The Washington State International Kite Festival was a happy little discovery I made while traveling in the Pacific Northwest this summer. The concept is simple: people who love kites get together once a year and enjoy a colorful weekend on the beach. I was so enchanted by everyone I met that day — each one of them beaming with giant smiles and positivity. I think it may become an annual thing for me, too.
Last fall I spent four days driving a roughly 400 mile stretch of highway extending from Carson City, Nevada to the Utah/Nevada border pursuing a new project on Highway 50, also known as “The Loneliest Road in America.” People often ask me if the highway lives up to its nickname, and while there are long, isolated stretches of road that are truly lonely, with the halfway point marked by the existence of Austin — which, in many ways, is a borderline ghost town — I was pleasantly surprised by the sparks of life scattered along the way.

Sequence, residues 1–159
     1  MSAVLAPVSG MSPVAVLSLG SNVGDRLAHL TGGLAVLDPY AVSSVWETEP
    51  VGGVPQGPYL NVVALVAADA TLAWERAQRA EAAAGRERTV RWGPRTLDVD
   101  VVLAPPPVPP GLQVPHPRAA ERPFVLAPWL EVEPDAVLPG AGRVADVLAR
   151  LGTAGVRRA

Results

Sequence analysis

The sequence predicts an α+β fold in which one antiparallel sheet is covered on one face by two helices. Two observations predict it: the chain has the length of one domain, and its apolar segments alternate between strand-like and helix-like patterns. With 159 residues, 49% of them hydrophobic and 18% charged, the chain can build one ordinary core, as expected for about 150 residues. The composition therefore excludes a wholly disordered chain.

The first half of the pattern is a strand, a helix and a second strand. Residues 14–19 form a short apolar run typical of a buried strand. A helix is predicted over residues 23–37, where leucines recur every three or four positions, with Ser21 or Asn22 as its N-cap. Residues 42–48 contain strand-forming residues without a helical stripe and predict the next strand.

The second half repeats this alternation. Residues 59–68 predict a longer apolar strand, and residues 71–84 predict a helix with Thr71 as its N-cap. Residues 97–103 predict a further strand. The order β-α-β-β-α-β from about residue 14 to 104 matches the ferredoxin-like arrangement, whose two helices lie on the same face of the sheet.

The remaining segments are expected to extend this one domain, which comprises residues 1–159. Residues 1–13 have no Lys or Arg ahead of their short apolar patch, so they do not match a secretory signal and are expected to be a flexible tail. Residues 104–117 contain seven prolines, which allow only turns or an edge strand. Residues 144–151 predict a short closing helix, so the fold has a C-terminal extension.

Right now, the main tourist push is headed by the Pony Express Territory, who challenge travelers to “survive” The Loneliest Road, offering free survival guides to anyone who wants them. They boast that you “really haven’t seen America until you’ve traveled The Loneliest Road,” and I’m not one to argue otherwise.
The Loneliest Road is a must for any road trip enthusiast — the journey takes you through mining towns harboring classic American West main street charm, and desert scenery ranging from the lush high country to the bare desert plains. Personally, I can’t get enough of the mom and pop diners, especially one in Ely that caters to hunters by covering their booths in camouflage.
I honestly never imagined that there would be so much beauty in Nevada before taking this road trip (some sources I’ve come across claim that Nevada has more mountain ranges than any other state in the continental U.S.), and I hope to return again soon and make more pictures of this incredible highway.